On the other hand, even if molybdenum (Mo) is added in an amount exceeding 1.0 wt %, such effect remains more or less the same. Therefore, it is desirable that molybdenum (Mo) is added to a material of which each of the inner and outer races and the input and output side disks is made within a range from 0.3 wt % to 1.0 wt %.

Further, the reason why the steel is subjected to a carburizing process or a carbonitriding process is to improve the resisting property for temper softening the case hardening steel by carbon (C) and nitrogen (N), and in addition to make martensite transformation temperature of the case different from that of the core by the carburizing or carbonitriding process, so that a residual compressive stress is produced on the rolling surface of the bearing.

In addition to the fact that the bearing section, the input side disk, and the output side disk are susceptible to flaking and fracture, the power roller bearing is subjected to repetitive bending stress, which makes the power roller bearing also susceptible to fatigue fracture. To improve fatigue fracture strength, it is desirable to impart a hardness gradient from the case to the core.

To achieve this, the present invention is characterized as using a steel to be case hardened as a material of which each of the inner and outer races and the input and output side disks is made, and as subjecting these components to a carburizing process or a carbonitriding process so as to impart a hardness gradient from the case to the core.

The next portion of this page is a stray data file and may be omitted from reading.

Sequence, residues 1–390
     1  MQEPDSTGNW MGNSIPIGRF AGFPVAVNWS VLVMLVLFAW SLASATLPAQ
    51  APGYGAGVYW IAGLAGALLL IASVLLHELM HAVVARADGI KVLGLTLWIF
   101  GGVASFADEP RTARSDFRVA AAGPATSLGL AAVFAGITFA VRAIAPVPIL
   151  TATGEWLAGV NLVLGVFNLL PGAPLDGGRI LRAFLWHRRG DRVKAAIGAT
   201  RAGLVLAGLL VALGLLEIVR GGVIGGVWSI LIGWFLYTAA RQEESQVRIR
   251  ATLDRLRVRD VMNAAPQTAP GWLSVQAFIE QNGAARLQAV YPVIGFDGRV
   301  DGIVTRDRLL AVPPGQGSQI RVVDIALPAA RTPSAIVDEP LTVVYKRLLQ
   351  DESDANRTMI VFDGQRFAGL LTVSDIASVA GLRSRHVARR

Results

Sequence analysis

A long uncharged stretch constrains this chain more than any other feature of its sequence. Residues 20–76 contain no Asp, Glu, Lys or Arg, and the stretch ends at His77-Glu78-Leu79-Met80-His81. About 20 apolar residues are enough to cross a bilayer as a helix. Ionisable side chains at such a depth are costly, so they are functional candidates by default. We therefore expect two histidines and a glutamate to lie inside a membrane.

Still further, the steel to be case hardened and the medium- or high-carbon steel contains oxygen (O) in an amount of 9 ppm or less, sulfur (S) in an amount of 0.010 wt % or less, and phosphorus (P) in an amount of 0.020 wt % or less. This contributes to further improving the rolling life of the power roller bearing, the input side disk, and the output side disk, which in turn allows a toroidal-type continuously variable transmission having a longer life to be obtained.

If impurity elements such as oxygen (O) and sulfur (S) are present in the steel to be case hardened and the medium- or high-carbon steel in the form of nonmetallic inclusions, these elements cause defects, tending to adversely affect fatigue strength.

An oxygen (O) content in excess of 9 ppm in the steel to be case hardened and the medium- or high-carbon steel significantly aggravates negative effects on the fatigue strength. A sulfur (S) content in excess of 0.010 wt % in the steel to be case hardened and the medium- or high-carbon steel also significantly aggravates negative effects on the fatigue strength.